Beautiful Flowers
You Don't Need A Green Thumb!

By Todd Wessel

Well designed and maintained landscapes turn heads and stop people in their tracks. The use of plants, the sharp edges, proper pruning, all combine to compliment one another, giving the passerby that "WOW", I want that at my house feeling.

Now, add some pockets of vibrant annual flower color throughout the design and now imagine the reaction.

Instant impact, Instant notoriety, instant best friend of every neighbor.

This is what should happen when you add annual flower color to your landscape taking out the best friend part and this can be easily achieved by following a few simple tips.

Start With Planting design Always try to design flower beds to be planted in mass. Mass meaning planting in large, consolidated groupings. This makes the color very strong and dramatic, expressing a greater finished impression or explosion.

Example; A bed with 50 flowers should be no longer than 6' long and 6' deep. Make that same bed 25' long and 2' deep and you stretch the same color out ,achieving less impact.

Think of some of the flower displays you've admired in theme parks like Walt Disney World or the Cherry Blossoms that bloom in Washington D.C.. All planted in mass or large groupings for an incredible effect.

Mix Colors? Is there a difference in bed size?
Small beds should have one color only. Don't get fancy in small beds by using different colors. There is not enough room to add enough flowers of differing colors to make a dramatic affect.

Keep small beds simple.
In larger beds, experiment, have more fun, make elaborate designs and use multiple colors. Remember, even in larger beds, try to make the colors too choatic. When in doubt keep it simple and use one or no more than two colors.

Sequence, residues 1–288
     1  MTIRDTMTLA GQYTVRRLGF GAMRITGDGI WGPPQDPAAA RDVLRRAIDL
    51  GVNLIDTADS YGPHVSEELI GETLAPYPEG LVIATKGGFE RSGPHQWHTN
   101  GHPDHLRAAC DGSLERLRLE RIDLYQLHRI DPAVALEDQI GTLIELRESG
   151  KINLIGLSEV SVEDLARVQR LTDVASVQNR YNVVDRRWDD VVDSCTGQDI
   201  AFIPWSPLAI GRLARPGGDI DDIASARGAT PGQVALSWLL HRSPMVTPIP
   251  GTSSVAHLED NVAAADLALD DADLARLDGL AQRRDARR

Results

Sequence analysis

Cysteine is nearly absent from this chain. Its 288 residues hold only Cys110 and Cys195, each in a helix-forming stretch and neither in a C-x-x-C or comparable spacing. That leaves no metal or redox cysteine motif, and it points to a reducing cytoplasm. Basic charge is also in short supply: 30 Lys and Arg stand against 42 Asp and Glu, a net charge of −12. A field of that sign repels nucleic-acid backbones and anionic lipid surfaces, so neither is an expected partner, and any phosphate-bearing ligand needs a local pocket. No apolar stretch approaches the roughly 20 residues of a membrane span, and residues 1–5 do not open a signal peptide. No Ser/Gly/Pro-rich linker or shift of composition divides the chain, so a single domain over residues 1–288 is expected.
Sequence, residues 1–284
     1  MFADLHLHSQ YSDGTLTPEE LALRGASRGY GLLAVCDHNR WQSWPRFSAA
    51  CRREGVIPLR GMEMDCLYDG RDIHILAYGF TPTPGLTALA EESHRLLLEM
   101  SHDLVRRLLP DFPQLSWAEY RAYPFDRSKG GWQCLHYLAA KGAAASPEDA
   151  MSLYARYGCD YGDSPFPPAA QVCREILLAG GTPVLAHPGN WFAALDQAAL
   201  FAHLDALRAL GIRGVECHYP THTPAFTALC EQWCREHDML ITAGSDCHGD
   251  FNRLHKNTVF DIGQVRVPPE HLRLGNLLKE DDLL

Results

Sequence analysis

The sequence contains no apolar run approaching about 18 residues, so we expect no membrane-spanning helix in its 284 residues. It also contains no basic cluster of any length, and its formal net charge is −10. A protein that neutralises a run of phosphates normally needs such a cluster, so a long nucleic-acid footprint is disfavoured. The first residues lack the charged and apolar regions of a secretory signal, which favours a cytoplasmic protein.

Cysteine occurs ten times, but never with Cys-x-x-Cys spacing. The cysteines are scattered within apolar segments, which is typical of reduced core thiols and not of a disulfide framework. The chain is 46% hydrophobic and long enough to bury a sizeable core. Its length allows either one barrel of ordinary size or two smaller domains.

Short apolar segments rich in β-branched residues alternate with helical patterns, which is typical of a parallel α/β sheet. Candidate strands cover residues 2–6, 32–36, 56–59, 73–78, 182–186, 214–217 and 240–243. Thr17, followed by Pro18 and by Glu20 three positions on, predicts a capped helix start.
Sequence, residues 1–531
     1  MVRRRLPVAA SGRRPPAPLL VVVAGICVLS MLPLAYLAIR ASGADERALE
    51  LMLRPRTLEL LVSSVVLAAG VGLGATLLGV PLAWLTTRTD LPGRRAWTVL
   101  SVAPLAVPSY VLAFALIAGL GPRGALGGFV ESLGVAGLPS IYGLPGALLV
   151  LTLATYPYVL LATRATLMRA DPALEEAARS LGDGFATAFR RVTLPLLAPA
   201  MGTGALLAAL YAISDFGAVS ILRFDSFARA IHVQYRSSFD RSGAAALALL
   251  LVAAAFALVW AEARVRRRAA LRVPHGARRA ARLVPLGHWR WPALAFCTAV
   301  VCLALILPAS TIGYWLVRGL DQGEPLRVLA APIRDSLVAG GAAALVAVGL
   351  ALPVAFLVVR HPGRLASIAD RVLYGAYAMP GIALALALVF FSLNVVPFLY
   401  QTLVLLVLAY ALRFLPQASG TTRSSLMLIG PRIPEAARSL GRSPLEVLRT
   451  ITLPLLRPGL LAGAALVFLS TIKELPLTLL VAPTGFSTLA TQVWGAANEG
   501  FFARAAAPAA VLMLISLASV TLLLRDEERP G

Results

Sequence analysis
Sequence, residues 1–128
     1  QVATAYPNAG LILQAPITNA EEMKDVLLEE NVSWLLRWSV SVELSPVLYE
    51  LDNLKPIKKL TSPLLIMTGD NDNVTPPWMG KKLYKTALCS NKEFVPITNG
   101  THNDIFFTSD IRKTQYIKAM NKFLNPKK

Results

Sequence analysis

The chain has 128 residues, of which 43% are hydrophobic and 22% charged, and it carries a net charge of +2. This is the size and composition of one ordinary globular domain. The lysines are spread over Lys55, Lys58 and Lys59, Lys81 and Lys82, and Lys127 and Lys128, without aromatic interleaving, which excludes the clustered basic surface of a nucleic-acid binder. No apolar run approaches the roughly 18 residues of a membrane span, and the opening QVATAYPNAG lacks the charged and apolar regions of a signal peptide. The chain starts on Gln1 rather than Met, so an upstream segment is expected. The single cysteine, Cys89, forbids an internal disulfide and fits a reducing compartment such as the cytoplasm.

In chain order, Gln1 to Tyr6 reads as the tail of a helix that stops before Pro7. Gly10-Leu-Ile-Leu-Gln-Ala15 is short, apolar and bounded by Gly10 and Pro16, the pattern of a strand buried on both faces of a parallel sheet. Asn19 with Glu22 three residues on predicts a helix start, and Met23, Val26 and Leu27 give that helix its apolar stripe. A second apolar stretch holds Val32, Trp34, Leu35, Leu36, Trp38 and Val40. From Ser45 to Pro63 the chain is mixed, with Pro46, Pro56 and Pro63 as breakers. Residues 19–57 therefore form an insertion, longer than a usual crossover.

Use the right flower in the right environment. Sun flowers in sun and shade flowers in shade.

Planting in the proper environment encourages future success. It makes all the difference.

Know your plants and your gardens environment. If you are unsure, ask an expert.

Planting under mature trees
When planting flowers under mature trees, remember you are planting into a mature root zone. The tree and flowers will battle for water and fertilizer and the tree will always win. Extra attention, meaning water and fertilizer, will be needed all season for the flowers to survive and give a great show. Make sure you spend extra time preparing this soil deeper to give the flowers a better chance for survival.

Bed Prep
Always prep (till) your planting beds, adding compost or peat moss to clay soils and a topsoil/compost mix to sandy soils. Try to get to a depth of 8"-12".

Annual flowers need to establish themselves relatively fast to survive up coming seasonal changes and stress associated with each planting season (summer heat, winter cold). Tilling each bed before you plant provides a planting medium that is loose and perfect for young plants to grow and mature in quickly.

Always use a slow release fertilizer (example 14-14-14) for flowers, spreading generously but evenly around the bed before planting. Don't be afraid to add a little extra, just don't leave clumps of the granules massed together in one spot in the bed. By spreading before you plant, some of the granules fall in for the roots and some will stay on the soil surface, ready to be watered in. Perfect.

Why use slow release fertilizer?
When flowers are installed, they are hungry and looking for food. With a slow release fertilizer, every time you water, a small amount is released for flowers to use. After establishment, they continually need that little boost to keep their color and continue their show. Slow release will consistently feed plants over a 8-12 week period.

Should I water a lot?
When you water a lot (and you better if you want great flowers), you will need to add more fertilizer about every 6-8 weeks. Your flowers will need it and they will thank you with continued great color.

The more you water the faster the fertilizer reserves will deplete. This is especially true for pots and hanging baskets. Pots and hanging baskets need watering more often and need fertilizer every month.

Quick release fertilizers, (not recommended for installation) will release all of their nutrients at one time, giving a quick boost but are gone in about 3 weeks. Usually this type of fertilizer achieves more green leaf growth than flowers because of its high nitrogen content and is quickly washed thru the soil.

Quick release can be used as a liquid, sprayed over the top, for a quick green up in the summer but you still need a slow release to get that continuous feeding. Because quick release leaches so fast, you need to re apply every week to two weeks. This is the major reason why it is not recommended for flower beds.